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ok. I re-read your post and I think I'm a little out of my depth here. If you have been taking 150mcg of Levothyroxine daily for several years, this medication is keeping your thyroid at these levels. It doesn't mean your thyroid is healthy. A different doctor and a more complete blood workup is definitely in order. Whole30-style eating is good for many people with thyroid issues (including me, although I don't have Hashimotos)--I would recommend eating this way and monitoring blood levels on a regular basis, adjusting medication as needed.

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I'm just starting similar testing myself, so don't know the numbers yet.


One thing I've been made aware of already though. If your Reverse T3 is higher than your T3, this can break the internal mechanism that converts T3 to T4. Supplementing T3 or T4 isn't a real solution, as it doesn't bring you back to "normal", normal is when the conversion occurs naturally.


I'm not sure I understand this part completely, but my understanding is some thyroid disruptions are actually not the Thyroid itself, but can interfere with the thyroid. Super high Reverse T3 interferes with it, but isn't caused by it.

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Regarding reverse T3: it's something worth testing, though a lot of doctors won't. I have a friend in pre-med and she was taught that rT3 is pretty much harmless and can be ignored pretty much...

Your body has t4 circulating around your body, and your pituitary gland senses when it needs more t3 (that's your tsh level), so it essentially 'orders' a conversion from t4 to t3 to support your body to function properly. However, if your body senses it has too much t4 in the system, the body will try to dump it, so it instead converts it to rt3. The problem with that is that rt3 attaches to your t3 receptors, blocking t3 from attaching, thereby reducing your levels of t3. It's a way for the body to keep things balanced. It's also why some people feel worse when on t4 treatment only.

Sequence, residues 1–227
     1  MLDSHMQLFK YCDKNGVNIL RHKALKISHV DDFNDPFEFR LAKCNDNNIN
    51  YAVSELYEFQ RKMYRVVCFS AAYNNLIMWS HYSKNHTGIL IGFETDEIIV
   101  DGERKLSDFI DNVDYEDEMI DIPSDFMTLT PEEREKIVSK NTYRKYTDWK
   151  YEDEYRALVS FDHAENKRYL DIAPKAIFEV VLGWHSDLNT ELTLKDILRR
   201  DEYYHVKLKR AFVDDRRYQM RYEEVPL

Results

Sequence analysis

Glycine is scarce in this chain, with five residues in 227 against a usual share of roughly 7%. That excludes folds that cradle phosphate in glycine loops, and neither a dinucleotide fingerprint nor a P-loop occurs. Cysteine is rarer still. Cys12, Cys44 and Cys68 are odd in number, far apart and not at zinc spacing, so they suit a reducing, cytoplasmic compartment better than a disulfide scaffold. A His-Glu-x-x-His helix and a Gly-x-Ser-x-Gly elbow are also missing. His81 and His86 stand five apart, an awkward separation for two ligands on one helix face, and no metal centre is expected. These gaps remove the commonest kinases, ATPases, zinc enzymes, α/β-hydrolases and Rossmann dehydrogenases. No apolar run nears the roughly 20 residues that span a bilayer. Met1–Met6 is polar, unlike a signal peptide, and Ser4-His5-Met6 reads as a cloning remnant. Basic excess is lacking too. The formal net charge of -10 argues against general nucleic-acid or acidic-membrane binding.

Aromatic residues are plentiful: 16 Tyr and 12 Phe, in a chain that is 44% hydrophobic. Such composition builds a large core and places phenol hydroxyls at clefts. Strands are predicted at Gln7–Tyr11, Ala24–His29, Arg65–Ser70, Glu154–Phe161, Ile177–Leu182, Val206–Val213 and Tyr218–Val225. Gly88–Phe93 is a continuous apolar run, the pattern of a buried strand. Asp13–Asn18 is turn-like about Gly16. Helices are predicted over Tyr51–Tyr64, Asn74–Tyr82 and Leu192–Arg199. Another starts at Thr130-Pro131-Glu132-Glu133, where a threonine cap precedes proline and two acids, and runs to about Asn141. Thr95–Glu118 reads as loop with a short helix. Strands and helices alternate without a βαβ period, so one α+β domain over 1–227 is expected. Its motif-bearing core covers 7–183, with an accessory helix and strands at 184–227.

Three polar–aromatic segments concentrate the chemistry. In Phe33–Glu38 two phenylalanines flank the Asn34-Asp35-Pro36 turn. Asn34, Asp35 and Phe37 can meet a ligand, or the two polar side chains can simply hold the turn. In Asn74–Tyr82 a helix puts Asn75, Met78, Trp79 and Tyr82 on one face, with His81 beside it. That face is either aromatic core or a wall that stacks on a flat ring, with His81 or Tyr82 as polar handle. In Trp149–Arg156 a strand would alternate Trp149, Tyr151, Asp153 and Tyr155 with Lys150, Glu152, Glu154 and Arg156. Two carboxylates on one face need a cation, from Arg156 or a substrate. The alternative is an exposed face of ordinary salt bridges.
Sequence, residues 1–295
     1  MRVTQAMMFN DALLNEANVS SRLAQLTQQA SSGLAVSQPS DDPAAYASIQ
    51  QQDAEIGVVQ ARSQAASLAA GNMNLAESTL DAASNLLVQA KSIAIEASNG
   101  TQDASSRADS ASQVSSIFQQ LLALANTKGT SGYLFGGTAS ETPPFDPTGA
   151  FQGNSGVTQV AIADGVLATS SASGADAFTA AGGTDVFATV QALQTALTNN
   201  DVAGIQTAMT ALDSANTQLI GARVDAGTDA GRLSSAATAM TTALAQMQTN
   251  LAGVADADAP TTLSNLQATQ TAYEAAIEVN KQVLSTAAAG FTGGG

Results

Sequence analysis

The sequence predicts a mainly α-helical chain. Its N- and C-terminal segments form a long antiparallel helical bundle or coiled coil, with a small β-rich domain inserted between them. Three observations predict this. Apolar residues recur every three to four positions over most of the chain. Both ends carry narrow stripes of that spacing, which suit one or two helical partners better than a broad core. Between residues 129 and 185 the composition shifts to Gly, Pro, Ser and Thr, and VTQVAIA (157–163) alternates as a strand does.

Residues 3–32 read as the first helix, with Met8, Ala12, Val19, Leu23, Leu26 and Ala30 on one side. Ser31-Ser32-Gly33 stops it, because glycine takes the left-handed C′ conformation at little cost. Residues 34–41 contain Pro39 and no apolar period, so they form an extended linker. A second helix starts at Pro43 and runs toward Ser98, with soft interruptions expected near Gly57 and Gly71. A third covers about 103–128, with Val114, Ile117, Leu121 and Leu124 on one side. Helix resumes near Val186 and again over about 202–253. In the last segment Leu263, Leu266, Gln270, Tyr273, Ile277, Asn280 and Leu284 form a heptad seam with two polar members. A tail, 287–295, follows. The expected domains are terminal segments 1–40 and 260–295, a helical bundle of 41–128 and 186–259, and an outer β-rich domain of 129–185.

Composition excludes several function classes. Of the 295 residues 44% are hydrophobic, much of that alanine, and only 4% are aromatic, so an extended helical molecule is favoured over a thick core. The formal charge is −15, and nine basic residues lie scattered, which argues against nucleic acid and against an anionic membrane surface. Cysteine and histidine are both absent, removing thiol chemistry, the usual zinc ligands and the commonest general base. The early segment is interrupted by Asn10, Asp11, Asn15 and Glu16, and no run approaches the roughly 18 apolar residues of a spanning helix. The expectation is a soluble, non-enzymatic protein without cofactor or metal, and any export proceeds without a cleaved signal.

However, if your tsh is telling your body it has too much t4 even when it doesn't, well, it's not fun. It can be caused by a defect in the pituitary gland, deficiency in the nutrients that help convert t4 to t3, etc. In those situations, it's sometimes necessary to only treat with t3 and leave t4 out if treatment. This is what I have to do.

I'm not implying that's what's going on with you, but hope it helps you understand rt3. I'd suggest getting the thyroid antibodies test to help determine where the issue begins. I'd also suggest getting rt3. Also, I don't recall what the range for t3 is, but I've read people typically feel well even their t3 is within the upper third or even a bit higher of the range, and some find supplementing their synthroid with a small dose of t3 helps considerably.

If you're still not feeling great and are holding onto weight, it makes me think you're not at the optimal level and it'd be worth digging into it more. It's worth noting that once you start thyroid medication, the tsh level has little value; your t4, t3, and rt3 tell a much better story.

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Thanks for the info.  The reason I am digging more into these tests is because although my most recent tests are in the "normal" range, I am having some of the same symptoms as before.  Sluggish, joint pain, irritable and a very hard time losing weight even though I have been strict in my eating and exercise.  I have to get labs done soon and have asked my doctor to check my reverse T3, leptin and cortisol level but he has told me that he wants to see me first before he will order these tests.  He is my new doctor so hopefully he will listen to me.  My last doctor had no clue.  I am also watching my food intake more closely. I know there are some foods my body just cannot tollerate. I just hope I dont have a huge fight on my hands with my new doctor.  If so, I am prepared to change health care plans and find a doctor who will listen.  Fingers crossed.....